Tuesday, January 19, 2010

Review: The Imaginarium of Doctor Parnassus

The Imaginarium of Doctor Parnassus

As you may or may not have noticed by now, I have a thing for directors. If a film is made by a director I dislike, I have trouble praising the film, regardless of its strengths. If a film is made by a director I love, I tend to look more kindly at its various faults. I realize that the goal of a reviewer should always be objectivity, but, alas, on the subject of directors, objectivity is something I just can't achieve. How, you ask, does this pertain to The Imaginarium of Doctor Parnassus in any way?
Well, simply put, I'm not very fond of director Terry Gilliam. In films, I generally prefer substance over style, or at least some substance to balance the style, and readers, Gilliam is all style. Gilliam's films are, by nature, loud, frenetic, confusing, and caving in under their own ferocious weight. All of this could be fine, however, if Gilliam saw fit to write films with storytelling heft, or emotional honesty. Sadly, he doesn't, and, as such, his films amount to nothing more than large, somewhat pretty piles of nothing.
The Imaginarium of Doctor Parnassus tells the story of the titular M.D. (Christopher Plummer), an immortal conjurer whose multiple deals with the devil have left him in a pickle, a word which here means 'he's sold his daughter to the devil in exchange for magic and crap.' The magic in question? Why, Parnassus's Imaginarium, which allows him to enter the imagination of passers-by, forcing them to engage in a spiritual battle between the venerable Parnassus, and the Devil (Tom Waits), who is, for all intents and purposes in this film, a silent melodrama villain, complete with thin mustache and a sneer. His archaic lifestyle is thrown into chaos, however, when Tony (Heath Ledger) comes into the picture. A man with a dark past, but full of businessman-like ideas, Tony reboots the Imaginarium just in time for a final duel with the devil to save Parnassus's daughter.
All this makes some sense, I suppose, and could even be compelling in the right hands. This film is not compelling, however. Not by any stretch of the imagination. And my, does the imagination stretch in this film. The scenes set within the Imaginarium are visually striking and clever enough, but fail to take really take advantage of a location in which absolutely anything is possible, nor do the Imaginarium scenes ever add up to anything within the confines of the film's plot. The real-world scenes also contain moments of visual beauty. It's obvious that Gilliam is trying his best to create something mind-bending and altogether new here, but I can't help but think of other films this year (Avatar or The Lovely Bones) that create more interesting and plausible new worlds, or other films (like A Single Man, District 9, or Coraline) that find the mystical or unique in the real world far more capably than The Imaginarium does. In short? The film fails on its own terms.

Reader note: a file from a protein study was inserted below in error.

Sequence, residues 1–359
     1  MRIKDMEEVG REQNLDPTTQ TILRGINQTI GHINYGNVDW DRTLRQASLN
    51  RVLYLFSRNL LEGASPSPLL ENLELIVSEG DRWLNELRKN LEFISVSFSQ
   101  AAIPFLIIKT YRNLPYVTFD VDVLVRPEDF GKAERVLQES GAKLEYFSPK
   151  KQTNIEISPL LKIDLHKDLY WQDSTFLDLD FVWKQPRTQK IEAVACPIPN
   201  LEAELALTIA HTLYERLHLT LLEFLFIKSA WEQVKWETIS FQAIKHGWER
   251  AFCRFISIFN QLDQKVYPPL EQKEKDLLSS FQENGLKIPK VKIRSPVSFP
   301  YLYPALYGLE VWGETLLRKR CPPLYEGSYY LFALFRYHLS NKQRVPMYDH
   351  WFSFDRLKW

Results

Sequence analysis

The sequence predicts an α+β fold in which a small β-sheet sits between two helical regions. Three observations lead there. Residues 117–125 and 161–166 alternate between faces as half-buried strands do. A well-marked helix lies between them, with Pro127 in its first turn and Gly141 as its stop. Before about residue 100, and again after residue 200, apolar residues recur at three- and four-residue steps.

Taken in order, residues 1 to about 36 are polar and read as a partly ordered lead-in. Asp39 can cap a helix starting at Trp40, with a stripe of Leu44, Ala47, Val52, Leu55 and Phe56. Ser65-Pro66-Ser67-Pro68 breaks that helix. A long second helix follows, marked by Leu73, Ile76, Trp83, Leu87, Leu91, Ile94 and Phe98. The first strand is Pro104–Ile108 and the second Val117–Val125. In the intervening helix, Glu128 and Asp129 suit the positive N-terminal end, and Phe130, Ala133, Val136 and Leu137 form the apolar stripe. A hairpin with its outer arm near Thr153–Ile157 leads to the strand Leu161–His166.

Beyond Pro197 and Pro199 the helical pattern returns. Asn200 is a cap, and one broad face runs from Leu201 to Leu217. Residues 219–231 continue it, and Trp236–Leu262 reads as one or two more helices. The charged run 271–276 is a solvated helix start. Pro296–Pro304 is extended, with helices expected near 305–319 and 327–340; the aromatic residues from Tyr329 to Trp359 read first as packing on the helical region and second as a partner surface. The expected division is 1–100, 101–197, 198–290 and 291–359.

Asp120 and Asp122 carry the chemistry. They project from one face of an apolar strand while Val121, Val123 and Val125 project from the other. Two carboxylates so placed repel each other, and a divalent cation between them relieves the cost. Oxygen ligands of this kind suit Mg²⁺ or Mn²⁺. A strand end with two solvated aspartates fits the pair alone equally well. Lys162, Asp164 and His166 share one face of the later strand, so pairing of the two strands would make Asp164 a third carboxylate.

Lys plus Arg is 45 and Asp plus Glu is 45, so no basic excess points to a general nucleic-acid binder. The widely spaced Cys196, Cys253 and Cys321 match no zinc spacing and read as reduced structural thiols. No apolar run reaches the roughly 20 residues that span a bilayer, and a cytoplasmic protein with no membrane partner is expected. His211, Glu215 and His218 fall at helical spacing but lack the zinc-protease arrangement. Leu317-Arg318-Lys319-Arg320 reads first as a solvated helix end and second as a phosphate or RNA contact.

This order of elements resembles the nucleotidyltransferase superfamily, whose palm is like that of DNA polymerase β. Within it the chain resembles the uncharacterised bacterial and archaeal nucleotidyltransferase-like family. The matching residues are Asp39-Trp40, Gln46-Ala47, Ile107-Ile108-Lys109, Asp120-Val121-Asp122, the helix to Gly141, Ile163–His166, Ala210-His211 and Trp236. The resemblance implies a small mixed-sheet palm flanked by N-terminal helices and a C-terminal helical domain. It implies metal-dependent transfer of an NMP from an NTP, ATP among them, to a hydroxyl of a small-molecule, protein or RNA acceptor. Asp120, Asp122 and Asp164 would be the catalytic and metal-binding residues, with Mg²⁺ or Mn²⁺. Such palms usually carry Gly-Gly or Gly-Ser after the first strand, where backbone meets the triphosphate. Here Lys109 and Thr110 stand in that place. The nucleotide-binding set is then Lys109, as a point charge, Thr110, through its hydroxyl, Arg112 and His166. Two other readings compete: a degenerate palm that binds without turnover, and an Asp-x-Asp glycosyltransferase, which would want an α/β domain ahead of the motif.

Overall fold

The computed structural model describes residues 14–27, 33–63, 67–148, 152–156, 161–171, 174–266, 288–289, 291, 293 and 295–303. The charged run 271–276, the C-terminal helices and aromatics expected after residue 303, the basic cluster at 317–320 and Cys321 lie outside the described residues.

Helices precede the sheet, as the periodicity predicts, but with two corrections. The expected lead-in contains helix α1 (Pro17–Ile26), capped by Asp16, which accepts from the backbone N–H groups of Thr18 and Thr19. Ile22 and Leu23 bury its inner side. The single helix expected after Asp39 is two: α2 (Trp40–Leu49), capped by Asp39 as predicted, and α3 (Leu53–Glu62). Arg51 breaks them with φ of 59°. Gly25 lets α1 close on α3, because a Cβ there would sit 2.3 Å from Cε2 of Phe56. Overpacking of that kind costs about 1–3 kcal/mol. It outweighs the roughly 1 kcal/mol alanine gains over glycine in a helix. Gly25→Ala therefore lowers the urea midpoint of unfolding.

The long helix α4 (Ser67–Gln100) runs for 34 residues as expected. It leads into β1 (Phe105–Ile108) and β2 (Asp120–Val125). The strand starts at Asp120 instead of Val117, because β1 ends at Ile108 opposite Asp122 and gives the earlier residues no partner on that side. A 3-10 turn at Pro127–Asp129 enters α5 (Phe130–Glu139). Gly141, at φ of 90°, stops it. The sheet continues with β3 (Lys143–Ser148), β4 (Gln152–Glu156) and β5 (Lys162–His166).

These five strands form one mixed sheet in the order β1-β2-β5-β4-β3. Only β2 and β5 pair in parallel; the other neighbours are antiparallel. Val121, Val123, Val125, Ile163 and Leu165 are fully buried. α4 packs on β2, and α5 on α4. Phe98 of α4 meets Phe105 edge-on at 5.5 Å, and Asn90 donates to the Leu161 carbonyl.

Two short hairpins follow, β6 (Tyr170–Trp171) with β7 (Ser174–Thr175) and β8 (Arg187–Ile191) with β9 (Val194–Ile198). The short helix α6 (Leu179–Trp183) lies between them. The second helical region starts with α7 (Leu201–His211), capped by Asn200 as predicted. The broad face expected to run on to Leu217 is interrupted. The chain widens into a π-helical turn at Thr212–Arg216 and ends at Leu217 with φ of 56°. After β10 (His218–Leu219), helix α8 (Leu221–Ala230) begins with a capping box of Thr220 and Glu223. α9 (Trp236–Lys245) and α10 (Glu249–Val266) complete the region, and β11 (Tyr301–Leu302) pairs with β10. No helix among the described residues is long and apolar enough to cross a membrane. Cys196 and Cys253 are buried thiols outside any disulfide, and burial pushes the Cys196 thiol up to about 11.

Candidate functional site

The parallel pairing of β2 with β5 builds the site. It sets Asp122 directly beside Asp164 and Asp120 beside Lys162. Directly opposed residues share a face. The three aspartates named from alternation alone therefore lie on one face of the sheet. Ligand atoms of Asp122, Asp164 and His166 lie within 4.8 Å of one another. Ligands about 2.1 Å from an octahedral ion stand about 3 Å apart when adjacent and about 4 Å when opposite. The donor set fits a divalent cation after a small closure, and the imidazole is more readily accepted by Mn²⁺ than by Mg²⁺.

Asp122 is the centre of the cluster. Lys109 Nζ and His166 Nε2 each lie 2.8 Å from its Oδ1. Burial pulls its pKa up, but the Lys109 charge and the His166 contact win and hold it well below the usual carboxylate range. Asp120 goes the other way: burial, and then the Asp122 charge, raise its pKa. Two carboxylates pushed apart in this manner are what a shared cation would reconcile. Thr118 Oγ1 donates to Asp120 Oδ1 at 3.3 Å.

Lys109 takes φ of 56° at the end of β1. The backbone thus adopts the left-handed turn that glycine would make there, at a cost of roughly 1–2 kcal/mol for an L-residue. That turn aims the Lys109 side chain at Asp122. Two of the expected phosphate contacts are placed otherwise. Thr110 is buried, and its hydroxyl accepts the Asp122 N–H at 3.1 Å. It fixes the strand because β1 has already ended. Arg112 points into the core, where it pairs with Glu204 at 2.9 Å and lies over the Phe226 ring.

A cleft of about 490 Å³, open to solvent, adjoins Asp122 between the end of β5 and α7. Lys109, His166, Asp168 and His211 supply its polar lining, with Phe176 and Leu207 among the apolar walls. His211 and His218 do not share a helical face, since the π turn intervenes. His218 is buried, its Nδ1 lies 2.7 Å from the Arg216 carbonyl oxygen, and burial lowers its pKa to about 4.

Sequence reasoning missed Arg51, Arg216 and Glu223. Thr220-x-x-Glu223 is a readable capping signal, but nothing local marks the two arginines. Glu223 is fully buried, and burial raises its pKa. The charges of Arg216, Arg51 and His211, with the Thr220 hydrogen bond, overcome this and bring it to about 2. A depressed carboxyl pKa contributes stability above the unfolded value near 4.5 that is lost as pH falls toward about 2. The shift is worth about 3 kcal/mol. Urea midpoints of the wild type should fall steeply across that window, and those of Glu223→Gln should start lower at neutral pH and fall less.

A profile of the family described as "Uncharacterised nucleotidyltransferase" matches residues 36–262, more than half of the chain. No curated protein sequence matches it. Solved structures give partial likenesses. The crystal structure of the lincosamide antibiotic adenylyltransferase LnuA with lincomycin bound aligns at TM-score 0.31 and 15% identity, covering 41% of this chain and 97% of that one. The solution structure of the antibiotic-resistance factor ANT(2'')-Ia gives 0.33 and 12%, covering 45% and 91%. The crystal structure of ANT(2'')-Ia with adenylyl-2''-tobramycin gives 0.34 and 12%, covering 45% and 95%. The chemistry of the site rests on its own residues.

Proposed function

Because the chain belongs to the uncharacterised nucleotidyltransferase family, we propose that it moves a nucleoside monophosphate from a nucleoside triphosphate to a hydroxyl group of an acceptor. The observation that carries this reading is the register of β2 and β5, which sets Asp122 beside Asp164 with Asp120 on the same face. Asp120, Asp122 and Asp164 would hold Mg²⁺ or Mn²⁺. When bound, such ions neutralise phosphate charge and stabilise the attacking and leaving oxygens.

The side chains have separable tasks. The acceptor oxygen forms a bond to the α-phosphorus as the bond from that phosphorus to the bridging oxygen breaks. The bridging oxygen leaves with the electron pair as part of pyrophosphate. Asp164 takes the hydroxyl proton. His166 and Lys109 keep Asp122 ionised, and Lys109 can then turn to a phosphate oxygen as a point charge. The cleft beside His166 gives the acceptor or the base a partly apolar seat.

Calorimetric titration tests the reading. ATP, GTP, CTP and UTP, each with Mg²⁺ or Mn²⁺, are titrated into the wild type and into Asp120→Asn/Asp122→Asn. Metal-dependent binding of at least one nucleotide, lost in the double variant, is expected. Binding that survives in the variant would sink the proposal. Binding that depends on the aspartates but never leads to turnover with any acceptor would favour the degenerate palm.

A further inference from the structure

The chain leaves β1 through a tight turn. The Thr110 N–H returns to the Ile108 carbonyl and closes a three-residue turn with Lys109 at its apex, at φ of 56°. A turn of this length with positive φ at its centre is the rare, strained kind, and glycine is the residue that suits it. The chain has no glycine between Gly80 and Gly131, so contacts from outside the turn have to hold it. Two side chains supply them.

It's a pity that this is Heath Ledger's last film. Ledger does his damnedest with the role, and he makes more out of it than it had to be, but it's just a shame that he didn't get one more great role. I think I'll just pretend The Dark Knight was the last film he did. Christopher Plummer, as well, does the most with what he's given, which, of course, isn't much. Particularly cloying is Verne Troyer, the little person of reality TV fame. I'd like to introduce a truism here which I would like film-makers to take to heart: the presence of a dwarf itself simply isn't funny. You can't just put a dwarf on screen and assume that the comedy will happen by itself. Take In Bruges for instance. Funny things happen that involve a dwarf. But you aren't laughing simply because there's a dwarf on screen. That's called a sideshow, and most people grow out of that. So please: if you really must include a dwarf in your screenplay, give the poor fellow something to do other than be short.
Overall, The Imaginarium of Doctor Parnassus is a complete and utter failure, redeemed slightly by mildly interesting visuals and some not entirely terrible acting. Is this enough to warrant a viewing? Not in the slightest. The only draw I imagine that this film will have is the final performance of Heath Ledger. Reader, do yourself a favor: if you want to see Heath Ledger's last performance, go rent The Dark Knight. It will be time much better spent.

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